Pandemic brings new normal, new hobbies

Keep Calm and Garden On: Dennis Kathol in Calgary on June 10. Kathol is trimming the dead twigs off his tomato plant. Kathol has a green thumb and has been gardening every day during self-isolation to help the time pass. (Photo by Ashley Avery/The Press)

When self-isolation came into effect, people started to pick up new hobbies and skills to keep themselves busy during the pandemic.

Self-isolation has caused people to develop cabin fever and forced people to try new things. New hobbies that they would have never tried if it wasn’t for the pandemic.

Jill Lennox is a stay at home mom and has multiple hobbies that relate to art. She does her own forms of art work, window painting, and rock painting.

Prior to COVID-19 she developed a hobby where she makes ribbon skirts and ribbon shirts. During quarantine, she developed a hobby called window painting.

Lennox joined a Facebook group called ‘Easter Egg Hunt Quarantine 2020’ that was organized by the catholic church in her area.

“I’ve never painted a window before that,” said Lennox. “Every week they [the catholic church] have different crafts for people that are staying home with children, so we started painting windows.”

Lennox has multiple hobbies to keep herself and her son busy throughout the day.

“During the pandemic, we’ve done a lot of rearranging and painting our windows different scenes,” said Lennox. “We’ve got our kitchen window, it’s just an abstract one, with a cross in the middle and then the outside is just little triangles and stuff, different colours and things like that.”

Lennox plans to keep these new hobbies up after self-isolation is over and is looking forward to all the new creations her family can do.

“We have a lot of free time and of course my son is still small so he doesn’t understand not touch a lot of stuff when we go to stores,” said Lennox. “He’s used to going to stores and getting to pick out his own items.”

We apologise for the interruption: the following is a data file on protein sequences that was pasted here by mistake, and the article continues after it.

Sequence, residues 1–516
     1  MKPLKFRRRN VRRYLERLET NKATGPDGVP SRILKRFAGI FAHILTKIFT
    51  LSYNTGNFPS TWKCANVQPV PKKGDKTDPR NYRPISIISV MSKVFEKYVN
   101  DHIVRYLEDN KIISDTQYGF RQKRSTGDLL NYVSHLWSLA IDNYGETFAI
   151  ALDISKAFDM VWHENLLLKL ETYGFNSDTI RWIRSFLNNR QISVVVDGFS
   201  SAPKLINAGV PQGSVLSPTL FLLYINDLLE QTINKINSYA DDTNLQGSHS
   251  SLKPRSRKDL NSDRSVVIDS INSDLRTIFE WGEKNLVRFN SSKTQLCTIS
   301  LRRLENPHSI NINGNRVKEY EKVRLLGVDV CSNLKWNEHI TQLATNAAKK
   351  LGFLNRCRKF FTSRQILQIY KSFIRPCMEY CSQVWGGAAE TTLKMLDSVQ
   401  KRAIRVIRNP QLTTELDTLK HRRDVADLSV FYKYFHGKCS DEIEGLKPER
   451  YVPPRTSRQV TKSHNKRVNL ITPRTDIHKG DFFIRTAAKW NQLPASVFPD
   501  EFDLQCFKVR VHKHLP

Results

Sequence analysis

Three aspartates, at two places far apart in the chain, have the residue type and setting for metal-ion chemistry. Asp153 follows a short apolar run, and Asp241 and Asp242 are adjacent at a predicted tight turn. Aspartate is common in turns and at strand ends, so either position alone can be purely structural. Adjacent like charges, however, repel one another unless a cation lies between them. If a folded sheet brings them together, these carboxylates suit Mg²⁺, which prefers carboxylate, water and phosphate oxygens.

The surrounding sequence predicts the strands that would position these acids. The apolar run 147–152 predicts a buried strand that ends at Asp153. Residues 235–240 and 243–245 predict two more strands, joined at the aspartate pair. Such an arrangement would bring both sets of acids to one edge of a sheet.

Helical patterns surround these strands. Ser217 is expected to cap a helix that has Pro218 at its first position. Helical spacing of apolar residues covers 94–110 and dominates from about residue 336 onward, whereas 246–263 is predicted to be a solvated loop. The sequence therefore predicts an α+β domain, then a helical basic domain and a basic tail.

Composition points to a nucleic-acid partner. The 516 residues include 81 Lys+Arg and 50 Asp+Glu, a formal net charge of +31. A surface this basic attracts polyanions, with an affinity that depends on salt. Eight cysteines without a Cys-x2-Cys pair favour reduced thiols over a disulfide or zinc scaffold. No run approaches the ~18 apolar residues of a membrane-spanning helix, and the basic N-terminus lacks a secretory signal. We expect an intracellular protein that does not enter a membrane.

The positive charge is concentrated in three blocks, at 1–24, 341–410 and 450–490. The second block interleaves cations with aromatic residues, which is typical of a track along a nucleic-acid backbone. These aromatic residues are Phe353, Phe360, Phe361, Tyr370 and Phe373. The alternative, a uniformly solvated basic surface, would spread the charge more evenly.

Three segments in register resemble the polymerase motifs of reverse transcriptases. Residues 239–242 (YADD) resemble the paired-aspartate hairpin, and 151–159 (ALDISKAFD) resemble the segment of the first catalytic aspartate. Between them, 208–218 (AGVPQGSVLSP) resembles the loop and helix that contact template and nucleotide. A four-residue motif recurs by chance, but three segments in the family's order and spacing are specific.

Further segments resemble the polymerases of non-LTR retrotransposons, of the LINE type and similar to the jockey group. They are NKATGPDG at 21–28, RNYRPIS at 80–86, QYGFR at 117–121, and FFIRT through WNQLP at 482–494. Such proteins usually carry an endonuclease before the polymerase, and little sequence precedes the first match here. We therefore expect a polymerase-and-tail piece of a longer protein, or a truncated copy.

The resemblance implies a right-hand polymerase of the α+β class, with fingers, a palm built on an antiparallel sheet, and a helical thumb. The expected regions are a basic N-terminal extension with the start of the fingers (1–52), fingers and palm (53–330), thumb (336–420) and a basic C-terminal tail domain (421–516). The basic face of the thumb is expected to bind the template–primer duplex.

Vanessa Wilson is a criminal defence paralegal at HD Law Group. Wilson is responsible for calling her lawyers’ clients to be sure that they are aware of court dates and making sure that her boss is prepared.

Wilson has recently applied for her Bachelor’s degree for professional arts and criminal justice. She hadn’t thought about going back to school since she was 17 years old but the pandemic has shifted her perspective.

“I went from being ridiculously busy, between my full-time job and some volunteer hours at night, to nothing at night and it just felt like my brain was withering away,” said Wilson. “Think about it more and more, instead of taking like a fluffer course, I should go all in.”

For Wilson, it’s mainly day to day operations for her as she is considered an essential worker so she was never truly self-isolated.

“I’ve been at work pretty much every day since COVID happened,” said Wilson. “I’ve worked from home, I think, twice, but other than that, we’re in the office.”

Self-isolation has been a little different for Wilson than for everyone else. More isolation and not so much self.

Wilson volunteers at night with local youth organizations but operations have stopped in March due to the pandemic.

“I’m a supplies officer for World Canadian Air Cadet program in the southeast Calgary,” said Wilson. “We curate out of Forest Lawn so it’s a lot of more at risk youth.”

A Little Dirt Never Hurts: Dennis Kathol in Calgary on June 10. Kathol has always had a green thumb and due to self-isolation, he’s out in the dirt every day. (Photo by Ashley Avery/The Press)